Oregon is known for its wine and love of dogs, so what could be more natural than taking your dog on a three-day road trip to dog-friendly wineries? Your pup can’t be your designated driver, but you’ll still enjoy sipping a glass of wine gazing out at the exquisite landscape with Bowzer by your side.
So with yorkie/maltese pup Nandi, we set off to explore Oregon wine country. Known for its pinot noir, the Willamette Valley was named 2016 Wine Region of the Year award by Wine Enthusiast Magazine. Over two-thirds of Oregon’s wineries and vineyards are in this region, totaling nearly 500. Other cool-climate varietals grown here include pinot gris, pinot blanc, chardonnay, riesling and gewürztraminer.
We spend the night at the Best Western Plus Rivershore Hotel in Oregon City, so as not to battle Portland’s rush hour traffic, and breakfast at its Rivershore Restaurant, which looks out on fishing boats floating by on the Willamette River. We go for a quick walk on the riverfront path behind the hotel to burn off some energy then it’s a short hop to our next destination: the nearby marina for a morning kayak trip.
After a quick safety and paddling lesson from Sam Drevo of eNRG Kayaking, we’re off in a tandem kayak for our guided tour of Willamette Falls and other river landmarks. Human gear is provided, but don’t forget to bring a life jacket for your dog. It’s Nandi’s first time kayaking and he has some serious doubts about embarking on this watery adventure. Mainly, he doesn’t want to get wet. By the end of the journey, he’s confident enough to perch on the bow of the kayak and tell off the barking sea lions on the dock. Drevo’s golden mix, Mojo, who’s joined us for the trip, has seen it all before and barely lifts his head up from resting on the kayak. As Drevo dispenses historical tidbits about the river, Oregon City and the paper mill, we catch glimpses of sturgeon jumping out of the water and ospreys circling overhead. Drevo recommends kayaking only for small and medium-sized dogs. Bigger dogs run the risk of tipping the kayak over.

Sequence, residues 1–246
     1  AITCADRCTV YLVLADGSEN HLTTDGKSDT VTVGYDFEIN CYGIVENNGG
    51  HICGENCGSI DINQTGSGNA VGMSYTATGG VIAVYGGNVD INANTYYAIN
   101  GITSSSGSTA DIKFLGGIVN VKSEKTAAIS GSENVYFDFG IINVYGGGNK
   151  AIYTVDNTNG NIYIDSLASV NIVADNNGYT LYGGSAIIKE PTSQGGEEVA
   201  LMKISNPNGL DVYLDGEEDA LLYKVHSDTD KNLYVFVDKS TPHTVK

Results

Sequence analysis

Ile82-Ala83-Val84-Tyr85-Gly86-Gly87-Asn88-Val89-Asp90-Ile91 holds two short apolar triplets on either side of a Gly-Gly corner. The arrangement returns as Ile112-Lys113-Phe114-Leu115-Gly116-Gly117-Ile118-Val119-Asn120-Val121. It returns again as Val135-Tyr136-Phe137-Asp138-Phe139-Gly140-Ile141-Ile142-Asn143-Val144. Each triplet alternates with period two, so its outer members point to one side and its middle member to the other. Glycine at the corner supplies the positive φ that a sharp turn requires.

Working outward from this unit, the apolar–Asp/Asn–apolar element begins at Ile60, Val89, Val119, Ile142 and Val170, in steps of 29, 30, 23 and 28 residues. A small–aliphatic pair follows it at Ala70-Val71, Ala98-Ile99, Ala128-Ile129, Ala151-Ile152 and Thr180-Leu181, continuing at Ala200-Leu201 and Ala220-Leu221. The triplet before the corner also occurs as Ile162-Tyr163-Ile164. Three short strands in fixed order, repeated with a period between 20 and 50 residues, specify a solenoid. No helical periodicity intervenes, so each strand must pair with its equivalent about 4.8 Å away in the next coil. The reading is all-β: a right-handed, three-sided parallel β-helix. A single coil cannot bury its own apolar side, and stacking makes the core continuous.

After the 90-minute tour, we head to the dog-friendly covered patio at McMenamins Old Church & Pub in Wilsonville for lunch. They serve Northwest-style pub fare with locally and regionally-sourced ingredients. Their Cajun tots come highly recommended.
Next, we drive out to family-run Whiskey Hill Winery in Canby and try the white pinot noir for which they’re known. The winery has its origins in a land-use technicality. Their farm couldn’t get a permit to host events—but a winery with 15 acres of pinot noir grapes could. Winemaker Chris Helbling’s background is in exercise science, but he’s delved into the art of wine making. Dogs aren’t allowed in the tasting room but are welcome on the covered, outdoor patio.
We next arrive at Wooden Shoe Tulip Farm in Woodburn, barely ahead of a rainstorm. We’ve caught the end of the tulip season, but there are still plenty of blooms. After strolling the tulip fields and admiring the bright spots of color, we make our way to the tasting room. Admission to the tulip festival held here each spring includes two free tastes of wine. Their sparkling blush moscato has won awards, but it’s the Marechal Foch that tasting room worker Gina introduces to visitors as her “tall, dark and handsome” boyfriend. The farm also offers tours on a wine wagon that dogs can join. Leashed dogs are welcome in the indoor tasting room as well as the tulip fields. The farm occasionally hosts fundraisers and other events for dog rescues, as well.
When we pull into the Willamette Valley Vineyards parking lot later in the afternoon, it’s still drizzling in Turner, but that doesn’t detract from the stunning views from their deck. On a sunnier day, their lush lawn would make the perfect place for a picnic with your pup. Gourmet Nandi approves of the tiny bites of Anderson Ranch lamb loin chop he is awarded for sitting patiently through dinner. We end the meal with rich creamy vanilla crème brûlée in mason jars.
Once we’re checked in at the Phoenix Inn and Suites in Albany for the night, Nandi takes full advantage of the suite accommodations by scattering his toys across the floor.
First on the next day’s agenda is McDowell Creek Falls County Park in Lebanon. The Falls Loop hike is an easy outing offering an array of waterfalls. It’s still early enough in the season that the falls are a steady column of water instead of a trickle. At one point, we had to find another route due to a downed tree, but we still managed to view all of the waterfalls.